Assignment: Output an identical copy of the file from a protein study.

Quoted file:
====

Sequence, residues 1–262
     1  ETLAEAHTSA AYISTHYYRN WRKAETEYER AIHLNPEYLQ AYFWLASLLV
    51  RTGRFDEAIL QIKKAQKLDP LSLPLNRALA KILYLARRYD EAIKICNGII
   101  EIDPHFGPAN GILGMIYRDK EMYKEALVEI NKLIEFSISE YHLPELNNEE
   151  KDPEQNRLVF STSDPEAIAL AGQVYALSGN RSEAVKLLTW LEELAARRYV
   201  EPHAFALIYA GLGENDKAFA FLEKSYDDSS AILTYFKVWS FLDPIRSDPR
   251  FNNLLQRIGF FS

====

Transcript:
Sequence, residues 1–262
     1  ETLAEAHTSA AYISTHYYRN WRKAETEYER AIHLNPEYLQ AYFWLASLLV
    51  RTGRFDEAIL QIKKAQKLDP LSLPLNRALA KILYLARRYD EAIKICNGII
   101  EIDPHFGPAN GILGMIYRDK EMYKEALVEI NKLIEFSISE YHLPELNNEE
   151  KDPEQNRLVF STSDPEAIAL AGQVYALSGN RSEAVKLLTW LEELAARRYV
   201  EPHAFALIYA GLGENDKAFA FLEKSYDDSS AILTYFKVWS FLDPIRSDPR
   251  FNNLLQRIGF FS